When Horne resigned as king’s printer in 1821, Collins hoped to succeed him but was told that the office would be given to “no one but a gentleman,” an affront he resented since he traced his ancestry to the ancient kings of Ireland. General satisfaction with his reportorial skill, however, led to his appointment for the 1821–22 session as official reporter to the legislature and also, at about this time, as court stenographer; the position as house reporter he seems to have held for five years. In July 1825 he established his own newspaper, the Canadian Freeman, and at once began attacking the administration of Lieutenant Governor Sir Peregrine Maitland* and his “reptile band” of tory advisers. He protested against the government’s policy in the alien controversy [see John Rolph*] and published a pamphlet on the subject. He also took a firm stand for freedom of the press when a group of young tories raided William Lyon Mackenzie*’s printing-house in 1826, but he held no brief for Mackenzie himself as a man or as a politician. Indeed he expended an arsenal of insulting epithets on most of his fellow editors, whether reformers or tories.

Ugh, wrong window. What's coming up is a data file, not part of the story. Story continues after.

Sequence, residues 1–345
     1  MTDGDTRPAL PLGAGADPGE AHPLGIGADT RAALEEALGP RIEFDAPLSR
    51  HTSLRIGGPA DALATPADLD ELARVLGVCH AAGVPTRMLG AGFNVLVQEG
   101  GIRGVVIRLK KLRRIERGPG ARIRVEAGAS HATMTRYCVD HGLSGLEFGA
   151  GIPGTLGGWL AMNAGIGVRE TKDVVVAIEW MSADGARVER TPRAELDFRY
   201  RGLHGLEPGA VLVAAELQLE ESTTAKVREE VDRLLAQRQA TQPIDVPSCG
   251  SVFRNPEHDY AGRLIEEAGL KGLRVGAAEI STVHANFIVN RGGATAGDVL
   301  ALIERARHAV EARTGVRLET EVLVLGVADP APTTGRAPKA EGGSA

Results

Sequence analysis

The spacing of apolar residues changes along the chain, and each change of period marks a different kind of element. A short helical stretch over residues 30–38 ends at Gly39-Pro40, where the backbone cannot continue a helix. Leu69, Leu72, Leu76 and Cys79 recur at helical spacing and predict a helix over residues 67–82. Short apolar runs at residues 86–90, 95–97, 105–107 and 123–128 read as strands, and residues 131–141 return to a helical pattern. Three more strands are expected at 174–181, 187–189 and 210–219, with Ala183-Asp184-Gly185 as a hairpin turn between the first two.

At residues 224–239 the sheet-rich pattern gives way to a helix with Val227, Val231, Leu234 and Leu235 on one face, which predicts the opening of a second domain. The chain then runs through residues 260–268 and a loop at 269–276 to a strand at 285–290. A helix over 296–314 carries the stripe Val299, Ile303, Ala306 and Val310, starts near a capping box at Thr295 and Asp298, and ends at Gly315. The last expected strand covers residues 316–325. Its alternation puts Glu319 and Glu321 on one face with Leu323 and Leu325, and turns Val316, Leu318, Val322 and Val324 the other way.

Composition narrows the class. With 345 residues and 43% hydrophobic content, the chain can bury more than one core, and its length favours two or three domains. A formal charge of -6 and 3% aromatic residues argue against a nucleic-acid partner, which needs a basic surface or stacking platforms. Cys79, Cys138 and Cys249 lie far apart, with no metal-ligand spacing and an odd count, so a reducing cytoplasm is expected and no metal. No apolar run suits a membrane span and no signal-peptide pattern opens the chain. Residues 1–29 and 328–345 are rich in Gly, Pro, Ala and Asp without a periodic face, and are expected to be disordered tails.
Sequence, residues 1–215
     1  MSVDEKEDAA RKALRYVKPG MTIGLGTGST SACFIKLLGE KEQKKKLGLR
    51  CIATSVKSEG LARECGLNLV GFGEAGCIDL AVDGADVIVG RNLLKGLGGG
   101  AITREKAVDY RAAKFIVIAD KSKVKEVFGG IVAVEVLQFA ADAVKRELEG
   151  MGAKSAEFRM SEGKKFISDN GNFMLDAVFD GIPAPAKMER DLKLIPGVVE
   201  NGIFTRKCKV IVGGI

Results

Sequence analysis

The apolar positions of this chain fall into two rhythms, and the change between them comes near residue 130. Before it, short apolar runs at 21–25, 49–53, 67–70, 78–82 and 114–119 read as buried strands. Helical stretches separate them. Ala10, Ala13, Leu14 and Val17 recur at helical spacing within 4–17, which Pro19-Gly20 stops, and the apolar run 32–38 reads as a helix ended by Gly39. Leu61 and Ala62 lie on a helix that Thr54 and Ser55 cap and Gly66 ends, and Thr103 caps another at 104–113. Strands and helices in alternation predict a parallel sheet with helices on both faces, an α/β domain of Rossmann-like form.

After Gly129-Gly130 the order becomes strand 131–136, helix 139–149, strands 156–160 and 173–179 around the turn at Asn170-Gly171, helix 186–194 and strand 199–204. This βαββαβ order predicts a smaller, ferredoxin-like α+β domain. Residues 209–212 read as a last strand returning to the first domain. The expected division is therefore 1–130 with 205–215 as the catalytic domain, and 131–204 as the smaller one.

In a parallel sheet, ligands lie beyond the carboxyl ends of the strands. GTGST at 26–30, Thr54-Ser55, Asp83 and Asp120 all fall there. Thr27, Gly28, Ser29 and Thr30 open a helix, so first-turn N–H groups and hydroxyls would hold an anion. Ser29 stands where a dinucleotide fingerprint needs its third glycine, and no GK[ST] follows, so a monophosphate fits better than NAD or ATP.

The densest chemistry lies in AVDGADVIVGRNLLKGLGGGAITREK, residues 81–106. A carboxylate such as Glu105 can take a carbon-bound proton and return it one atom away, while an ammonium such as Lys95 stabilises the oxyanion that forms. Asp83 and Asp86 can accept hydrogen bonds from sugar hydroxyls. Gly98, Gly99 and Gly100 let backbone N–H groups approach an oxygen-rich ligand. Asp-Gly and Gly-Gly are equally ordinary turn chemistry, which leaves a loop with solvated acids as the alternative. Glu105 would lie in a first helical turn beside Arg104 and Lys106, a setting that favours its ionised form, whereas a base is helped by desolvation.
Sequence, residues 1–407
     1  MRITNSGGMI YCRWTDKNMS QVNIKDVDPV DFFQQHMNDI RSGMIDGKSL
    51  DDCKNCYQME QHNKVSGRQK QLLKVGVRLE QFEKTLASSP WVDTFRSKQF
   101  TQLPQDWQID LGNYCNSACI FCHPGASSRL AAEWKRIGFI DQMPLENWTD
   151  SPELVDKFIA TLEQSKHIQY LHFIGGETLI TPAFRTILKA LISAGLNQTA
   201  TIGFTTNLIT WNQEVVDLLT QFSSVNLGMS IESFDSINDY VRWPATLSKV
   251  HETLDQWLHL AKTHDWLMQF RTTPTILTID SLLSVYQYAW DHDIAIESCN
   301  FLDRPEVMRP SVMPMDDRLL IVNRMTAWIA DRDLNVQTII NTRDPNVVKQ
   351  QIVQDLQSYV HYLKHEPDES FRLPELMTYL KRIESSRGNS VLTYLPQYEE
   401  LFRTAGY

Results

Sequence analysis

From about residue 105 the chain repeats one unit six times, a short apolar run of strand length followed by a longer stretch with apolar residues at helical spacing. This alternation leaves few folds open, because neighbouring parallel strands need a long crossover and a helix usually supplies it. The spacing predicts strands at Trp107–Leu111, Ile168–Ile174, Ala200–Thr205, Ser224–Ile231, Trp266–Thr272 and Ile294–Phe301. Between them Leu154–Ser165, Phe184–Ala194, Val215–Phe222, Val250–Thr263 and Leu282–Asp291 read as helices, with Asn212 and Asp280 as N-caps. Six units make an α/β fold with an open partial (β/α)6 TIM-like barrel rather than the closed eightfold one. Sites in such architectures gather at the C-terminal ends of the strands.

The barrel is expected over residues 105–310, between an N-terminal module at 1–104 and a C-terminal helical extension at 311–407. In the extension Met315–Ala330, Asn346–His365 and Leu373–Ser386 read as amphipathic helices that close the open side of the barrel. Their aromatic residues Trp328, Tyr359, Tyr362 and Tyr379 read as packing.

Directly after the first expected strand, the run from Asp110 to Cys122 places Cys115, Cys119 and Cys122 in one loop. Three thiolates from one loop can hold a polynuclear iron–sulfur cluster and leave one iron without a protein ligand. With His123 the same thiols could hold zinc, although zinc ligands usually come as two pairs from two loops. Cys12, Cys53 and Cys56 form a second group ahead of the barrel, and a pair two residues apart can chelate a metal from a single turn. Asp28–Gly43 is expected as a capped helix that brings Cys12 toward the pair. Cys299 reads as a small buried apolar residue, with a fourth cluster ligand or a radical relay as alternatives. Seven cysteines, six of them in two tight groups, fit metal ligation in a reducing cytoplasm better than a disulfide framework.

In 1826, following the dismissal of Charles Fothergill* as king’s printer, the chairman of the assembly’s printing committee, Hugh Christopher Thomson, had solicited tenders for printing the journal of the house. Mackenzie got the contract by submitting a bid below the going rates, much to Collins’s annoyance. “We shall have cheap journals this session!” commented Thomson. But when Mackenzie’s press was destroyed by the rioters, he had to turn over the printing to Collins, though he retained his own imprint on the journal’s title page. Collins lost the contract to Mackenzie again in 1827, partly because he could not resist heading his tender “Proposals for Printing ‘Cheap Journals,’” a gibe at Thomson which did not amuse members of the assembly. Collins was cited for contempt of parliament and summoned to apologize at the bar of the house. In January 1828 a motion carried in the assembly to divide the printing of the house among Collins, Carey, and Mackenzie. The following year, while Collins was incarcerated for libel in the York jail, his press published the journals from 9 January to 20 March “by order of the House of Assembly.”